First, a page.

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I feel sorry for Saad Hashim who wrote Toyota salesmen and the national language lamenting the demise of Bahasa Malaysia as a language that unites us all.

I would like to tell him that my great-grandfather could be found in a 'kopi tiam' with his ethnic Chinese and Indian friends conversing in the Penang version of BM. My great-grandmother spent hours in her (Chinese) friend's convenience store across the road conversing, again in the BM Penang version, about almost anything under the sun.

But these scenes were from the last century and my grandparents and their friends are no longer alive. BM appeared to be a uniting factor. Perhaps it was the collective lack of English-medium education. It may be also that these Malayans (later Malaysians) lived through the most turbulent and tumultuous times of their lives - the Japanese occupation and its deprivations, the communist terrorism and the quest for Independence. It was a time of collective struggle and collective triumph. BM was there for every Malayan in that brave new world.

I am in complete agreement with Being Truthful that non-usage of BM is a symptom of the increasingly unpleasant divide between Malays and non-Malays. BM was amongst the earliest casualty, even before the Islamisation of national schools. Firstly, BM was no longer formally called Bahasa Malaysia but Bahasa Melayu in late 1980s or early 1990s. The label was changed and the language became the sole prerogative of the Malays and no longer a common possession and pride of all Malaysians.

Then, increasing Islamisation of the language succeeded in alienating more than half the population. The incorporation of Arabic terms makes the language intelligible to those who use it colloquially and everyday. For example, the word 'nasihat' (advice) is often used in the Arabic form 'nasihah' nowadays. The word 'babi' is now considered impolite perhaps because half the population consumes it and the other half finds it, for want of a better word, unpalatable. Hence, the animal is now a 'kinzir' instead. Reading BM newspapers or listening to Umno and PAS politicians these days requires a dictionary.

Worst of all, BM became a casualty of Malay Islamo-fascism when the Iban version of the Holy Bible, the Bab Kudus, suffered restricted access. The Ibans have been worshiping in a language not dissimilar to BM. The word 'Allah' which means 'God' in Arabic is only permissible when its usage refers to the Malaysian Muslims' God but not to anyone else's. This is a bit odd when the Muslims and Christian Arabs have no problem with the term Allah in reference to their Supreme Being. These Malay Islamo-fascists are using BM to divide rather than unite the nation (Remember the first Rukun Negara - 'Kepercayaan Kepada Tuhan'- The belief in God).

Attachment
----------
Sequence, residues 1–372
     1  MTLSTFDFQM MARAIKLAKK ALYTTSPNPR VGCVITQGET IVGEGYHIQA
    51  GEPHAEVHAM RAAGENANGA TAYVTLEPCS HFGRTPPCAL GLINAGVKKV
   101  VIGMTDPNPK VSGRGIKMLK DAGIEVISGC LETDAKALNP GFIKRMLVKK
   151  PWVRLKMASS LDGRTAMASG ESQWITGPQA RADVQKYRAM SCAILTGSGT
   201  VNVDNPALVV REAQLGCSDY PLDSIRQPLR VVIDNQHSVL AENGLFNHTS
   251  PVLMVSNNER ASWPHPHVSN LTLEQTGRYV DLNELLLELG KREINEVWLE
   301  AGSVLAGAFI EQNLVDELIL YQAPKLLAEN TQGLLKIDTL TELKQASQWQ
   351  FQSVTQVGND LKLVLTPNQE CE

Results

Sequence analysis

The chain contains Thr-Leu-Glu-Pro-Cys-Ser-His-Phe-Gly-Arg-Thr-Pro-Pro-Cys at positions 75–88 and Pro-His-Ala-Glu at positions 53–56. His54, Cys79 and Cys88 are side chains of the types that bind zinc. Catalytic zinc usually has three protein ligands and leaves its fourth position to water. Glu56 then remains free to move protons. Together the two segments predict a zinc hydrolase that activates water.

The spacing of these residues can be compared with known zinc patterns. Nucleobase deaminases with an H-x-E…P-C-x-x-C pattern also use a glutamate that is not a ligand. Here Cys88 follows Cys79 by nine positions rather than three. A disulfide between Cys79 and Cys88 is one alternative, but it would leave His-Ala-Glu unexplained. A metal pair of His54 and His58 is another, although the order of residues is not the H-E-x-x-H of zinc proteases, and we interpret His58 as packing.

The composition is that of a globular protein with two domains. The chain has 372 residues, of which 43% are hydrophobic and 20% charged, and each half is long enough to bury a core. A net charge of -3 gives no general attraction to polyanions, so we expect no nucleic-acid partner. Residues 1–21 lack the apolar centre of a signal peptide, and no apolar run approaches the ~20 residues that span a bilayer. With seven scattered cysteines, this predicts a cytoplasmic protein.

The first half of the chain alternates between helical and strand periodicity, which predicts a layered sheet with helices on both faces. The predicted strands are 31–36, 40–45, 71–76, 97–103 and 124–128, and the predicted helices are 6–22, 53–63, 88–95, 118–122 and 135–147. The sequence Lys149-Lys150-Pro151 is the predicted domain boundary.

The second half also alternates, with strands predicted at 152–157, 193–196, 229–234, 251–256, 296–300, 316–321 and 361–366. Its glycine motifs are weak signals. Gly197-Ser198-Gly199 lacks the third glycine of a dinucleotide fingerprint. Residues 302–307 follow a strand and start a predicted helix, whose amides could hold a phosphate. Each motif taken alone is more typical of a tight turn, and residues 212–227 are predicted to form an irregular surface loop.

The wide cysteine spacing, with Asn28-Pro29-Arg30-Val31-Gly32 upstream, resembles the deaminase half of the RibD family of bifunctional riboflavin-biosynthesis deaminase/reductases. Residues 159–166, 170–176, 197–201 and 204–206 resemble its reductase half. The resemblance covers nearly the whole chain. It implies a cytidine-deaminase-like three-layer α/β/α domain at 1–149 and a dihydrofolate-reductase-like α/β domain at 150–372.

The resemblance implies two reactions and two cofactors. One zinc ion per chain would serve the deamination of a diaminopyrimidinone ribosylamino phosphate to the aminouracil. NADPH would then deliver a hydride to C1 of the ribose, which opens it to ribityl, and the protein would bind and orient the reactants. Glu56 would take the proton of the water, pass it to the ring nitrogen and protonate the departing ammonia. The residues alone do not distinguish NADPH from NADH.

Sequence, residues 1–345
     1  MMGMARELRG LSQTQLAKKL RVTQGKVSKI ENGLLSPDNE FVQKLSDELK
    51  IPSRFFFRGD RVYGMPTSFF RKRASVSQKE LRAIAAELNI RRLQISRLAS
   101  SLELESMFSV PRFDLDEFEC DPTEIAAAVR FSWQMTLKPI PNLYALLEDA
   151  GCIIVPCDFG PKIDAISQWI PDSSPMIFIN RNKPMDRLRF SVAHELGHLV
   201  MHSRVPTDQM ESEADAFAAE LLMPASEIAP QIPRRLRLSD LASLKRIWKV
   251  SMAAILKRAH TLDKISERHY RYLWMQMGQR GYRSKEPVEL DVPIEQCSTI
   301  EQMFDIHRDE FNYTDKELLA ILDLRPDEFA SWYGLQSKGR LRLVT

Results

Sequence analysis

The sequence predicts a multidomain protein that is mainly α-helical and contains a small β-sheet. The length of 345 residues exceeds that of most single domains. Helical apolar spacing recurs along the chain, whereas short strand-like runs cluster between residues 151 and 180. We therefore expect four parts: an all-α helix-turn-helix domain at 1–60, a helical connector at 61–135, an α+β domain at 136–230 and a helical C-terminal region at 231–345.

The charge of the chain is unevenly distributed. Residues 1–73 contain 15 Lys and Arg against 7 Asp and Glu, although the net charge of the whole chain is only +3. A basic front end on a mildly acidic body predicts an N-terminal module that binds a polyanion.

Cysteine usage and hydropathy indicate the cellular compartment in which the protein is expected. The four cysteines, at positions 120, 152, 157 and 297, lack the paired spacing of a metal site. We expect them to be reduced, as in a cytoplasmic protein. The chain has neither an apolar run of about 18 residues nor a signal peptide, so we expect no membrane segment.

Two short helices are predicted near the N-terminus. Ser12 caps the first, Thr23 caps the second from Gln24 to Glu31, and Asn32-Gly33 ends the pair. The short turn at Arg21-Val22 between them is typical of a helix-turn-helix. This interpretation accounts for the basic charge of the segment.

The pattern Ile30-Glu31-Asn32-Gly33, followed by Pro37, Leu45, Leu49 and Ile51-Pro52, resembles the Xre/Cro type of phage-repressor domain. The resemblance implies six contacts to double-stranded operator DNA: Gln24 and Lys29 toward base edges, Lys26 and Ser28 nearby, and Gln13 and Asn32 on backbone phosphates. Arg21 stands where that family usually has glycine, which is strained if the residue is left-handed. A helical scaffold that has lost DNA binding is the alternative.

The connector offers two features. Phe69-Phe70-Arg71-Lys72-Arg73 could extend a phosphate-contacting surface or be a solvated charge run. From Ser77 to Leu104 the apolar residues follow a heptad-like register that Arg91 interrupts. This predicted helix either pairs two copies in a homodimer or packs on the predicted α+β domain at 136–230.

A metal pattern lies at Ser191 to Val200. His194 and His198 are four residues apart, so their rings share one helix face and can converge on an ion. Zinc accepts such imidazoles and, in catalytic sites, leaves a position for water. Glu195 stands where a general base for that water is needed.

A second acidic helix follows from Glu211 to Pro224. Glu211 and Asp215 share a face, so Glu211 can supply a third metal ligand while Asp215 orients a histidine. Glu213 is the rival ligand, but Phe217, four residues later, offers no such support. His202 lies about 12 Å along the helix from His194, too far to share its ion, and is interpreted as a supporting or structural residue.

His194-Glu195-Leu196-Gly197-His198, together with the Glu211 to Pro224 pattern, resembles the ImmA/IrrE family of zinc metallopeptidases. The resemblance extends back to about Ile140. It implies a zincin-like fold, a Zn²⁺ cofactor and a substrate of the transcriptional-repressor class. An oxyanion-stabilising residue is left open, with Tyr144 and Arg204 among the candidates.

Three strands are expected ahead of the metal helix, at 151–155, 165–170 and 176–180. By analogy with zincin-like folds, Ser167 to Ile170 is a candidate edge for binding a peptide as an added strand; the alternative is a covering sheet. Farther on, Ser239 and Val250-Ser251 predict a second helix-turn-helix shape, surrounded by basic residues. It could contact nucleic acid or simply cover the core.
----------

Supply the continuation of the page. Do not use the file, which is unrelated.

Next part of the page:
I don't think cajoling non-Malays into accepting BM as the first uniting factor, as advocated by Saad Hashim, will make us more united. Bahasa Indonesia works because the speakers are first and foremost Indonesians rather than Javanese, Chinese or Acehnese; or Muslims, Christians or Hindu.

Now, back to my great grandparents and their friends in the opening paragraph above, they are forged ahead as Malaysians first in that brave new world. That world no longer exists in Malaysia so hung up by race and religion today. Everyone seems happy with the separate developments (another term for it is apartheid) in their lives and their children's lives.

Therefore, there is no need for a common language that was Bahasa Malaysia. The day that we see ourselves as Malaysians first, being ruled by Malaysians for Malaysians, without any ethnic or religious agenda is the day that we will speak to each other in BM. Not a day before that.